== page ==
US Magazine – 1998

I wanted to see if i can handle pain
US Magazine, 1998

When Christina Ricci was a kid (that is a few months ago), she could get away with saying whatever outrageous thing came into her head. In interview after interview, she waxed provocoatively about gun fantasies, death and incest. But the barely 18-year-old actress, who has Hollywood, buzzing with a barrage of films showcasing a more mature talent, is trying hard to act like a grown-up. This month she’ll appear as a low – rent femme fatale in The Opposite of Sex and a drug-addled hitchhiker in Fear and Loathing in Las Vegas; Vincent Gallo’s Buffalo ’66 and John Waters’ Pecker will open later in the year. Today, at a SoHo restaurant around the corner from her new digs in New york (her first apartment since moving out to Mom’s), Ricci seems happy to show off her smart, funny side – free of the need to shock the adults. But toward the end of the meal, she reminds you that she is , after all, still a teen-age girl, still finding her way: Asked about the small, smile-shaped scar on her hand, she says, “I was trying to impress Gaby (Hoffmann, her co-star in 1995’s Now and Then). So I heated up a lighter and pressed it on my hand.” She then rolls up her sleeve to show a multitude of purple burn scars on her arm. “I wanted to see if i can handle pain,” she offers matter-of- factly. “It’s sort of an experiment to see if I can take it. It’s a disturbing moment, one that suggests that the transition from child actor to grown-up star – and from teen-age girl to woman – isn’t as easy as Ricci would have you believe.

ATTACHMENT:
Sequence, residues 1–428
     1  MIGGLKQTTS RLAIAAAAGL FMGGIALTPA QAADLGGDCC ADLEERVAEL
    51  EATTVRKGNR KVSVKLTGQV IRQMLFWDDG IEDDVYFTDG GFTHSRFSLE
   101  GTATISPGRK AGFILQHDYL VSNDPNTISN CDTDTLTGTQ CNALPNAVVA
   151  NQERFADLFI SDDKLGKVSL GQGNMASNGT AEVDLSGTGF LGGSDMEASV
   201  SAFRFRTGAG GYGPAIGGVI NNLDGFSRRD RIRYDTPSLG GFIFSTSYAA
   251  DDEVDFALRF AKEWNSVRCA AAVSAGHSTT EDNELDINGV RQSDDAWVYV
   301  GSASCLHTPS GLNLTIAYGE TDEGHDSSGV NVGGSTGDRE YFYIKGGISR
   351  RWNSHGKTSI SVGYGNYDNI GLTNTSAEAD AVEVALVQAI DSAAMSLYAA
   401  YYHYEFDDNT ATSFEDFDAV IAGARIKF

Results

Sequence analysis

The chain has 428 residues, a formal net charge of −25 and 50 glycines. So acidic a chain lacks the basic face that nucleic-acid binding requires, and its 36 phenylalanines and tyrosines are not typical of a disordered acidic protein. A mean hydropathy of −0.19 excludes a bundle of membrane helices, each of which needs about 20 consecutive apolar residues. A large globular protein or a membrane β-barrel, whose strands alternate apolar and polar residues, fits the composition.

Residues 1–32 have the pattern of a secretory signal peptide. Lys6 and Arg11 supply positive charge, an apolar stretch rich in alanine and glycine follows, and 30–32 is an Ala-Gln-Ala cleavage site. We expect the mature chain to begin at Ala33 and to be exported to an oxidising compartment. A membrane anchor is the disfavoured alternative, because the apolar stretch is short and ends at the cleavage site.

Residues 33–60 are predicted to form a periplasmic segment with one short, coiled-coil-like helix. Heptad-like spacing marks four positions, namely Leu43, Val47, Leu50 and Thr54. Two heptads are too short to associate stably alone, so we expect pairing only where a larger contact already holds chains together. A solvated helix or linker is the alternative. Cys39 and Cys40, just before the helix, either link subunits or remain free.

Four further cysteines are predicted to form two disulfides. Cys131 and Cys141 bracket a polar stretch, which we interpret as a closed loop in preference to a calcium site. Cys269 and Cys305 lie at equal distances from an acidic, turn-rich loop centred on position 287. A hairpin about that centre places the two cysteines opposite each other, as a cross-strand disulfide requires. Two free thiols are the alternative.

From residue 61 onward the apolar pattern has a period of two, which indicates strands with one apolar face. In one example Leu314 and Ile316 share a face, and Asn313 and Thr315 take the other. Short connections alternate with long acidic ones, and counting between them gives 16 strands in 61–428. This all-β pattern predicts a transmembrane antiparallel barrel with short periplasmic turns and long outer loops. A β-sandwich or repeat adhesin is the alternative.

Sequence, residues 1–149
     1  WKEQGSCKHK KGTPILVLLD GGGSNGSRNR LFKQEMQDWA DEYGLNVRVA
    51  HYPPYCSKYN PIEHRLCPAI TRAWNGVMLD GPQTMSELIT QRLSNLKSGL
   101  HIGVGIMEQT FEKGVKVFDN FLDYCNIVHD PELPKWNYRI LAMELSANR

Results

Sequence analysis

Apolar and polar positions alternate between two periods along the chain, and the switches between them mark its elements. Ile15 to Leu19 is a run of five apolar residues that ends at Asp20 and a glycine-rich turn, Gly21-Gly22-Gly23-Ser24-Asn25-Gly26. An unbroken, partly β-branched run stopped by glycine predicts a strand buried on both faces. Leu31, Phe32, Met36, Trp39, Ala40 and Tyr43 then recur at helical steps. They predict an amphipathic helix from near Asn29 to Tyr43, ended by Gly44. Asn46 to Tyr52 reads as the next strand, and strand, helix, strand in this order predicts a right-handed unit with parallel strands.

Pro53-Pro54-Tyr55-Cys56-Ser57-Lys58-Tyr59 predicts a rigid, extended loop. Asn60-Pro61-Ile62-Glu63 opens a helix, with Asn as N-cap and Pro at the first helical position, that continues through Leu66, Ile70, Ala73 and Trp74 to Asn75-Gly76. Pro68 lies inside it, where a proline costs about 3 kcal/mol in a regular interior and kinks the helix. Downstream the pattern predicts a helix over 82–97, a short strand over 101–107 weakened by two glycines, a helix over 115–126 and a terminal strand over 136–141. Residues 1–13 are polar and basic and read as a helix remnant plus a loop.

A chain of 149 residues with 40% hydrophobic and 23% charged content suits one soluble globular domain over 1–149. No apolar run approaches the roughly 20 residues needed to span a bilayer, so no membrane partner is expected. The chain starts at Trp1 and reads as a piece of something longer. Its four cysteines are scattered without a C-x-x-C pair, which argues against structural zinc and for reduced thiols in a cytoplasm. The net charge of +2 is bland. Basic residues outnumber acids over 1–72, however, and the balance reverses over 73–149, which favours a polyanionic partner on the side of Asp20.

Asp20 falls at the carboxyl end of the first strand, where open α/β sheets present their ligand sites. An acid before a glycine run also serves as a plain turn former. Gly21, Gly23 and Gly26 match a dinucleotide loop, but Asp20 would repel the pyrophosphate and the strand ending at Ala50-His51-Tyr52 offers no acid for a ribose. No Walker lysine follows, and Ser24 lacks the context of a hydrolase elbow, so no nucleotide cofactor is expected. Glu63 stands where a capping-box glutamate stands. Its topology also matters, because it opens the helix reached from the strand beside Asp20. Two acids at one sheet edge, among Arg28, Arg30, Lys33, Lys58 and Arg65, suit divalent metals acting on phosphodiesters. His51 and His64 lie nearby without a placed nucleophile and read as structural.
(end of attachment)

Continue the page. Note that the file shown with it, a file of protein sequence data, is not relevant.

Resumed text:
You’ve been working a lot lately.

Christina: For a year now. After I got out of high school I was like, this is my job. Before, I was doing it because it was fun. Now I’m like, this is how I pay my rent. Now I have to keep working, because I’m afraid if I stop, I won’t have any money. I keep thinkg maybe I should go to the gym. Maybe it would help.

Your character in “The Opposite of Sex” steals her half brother’s boyfriend.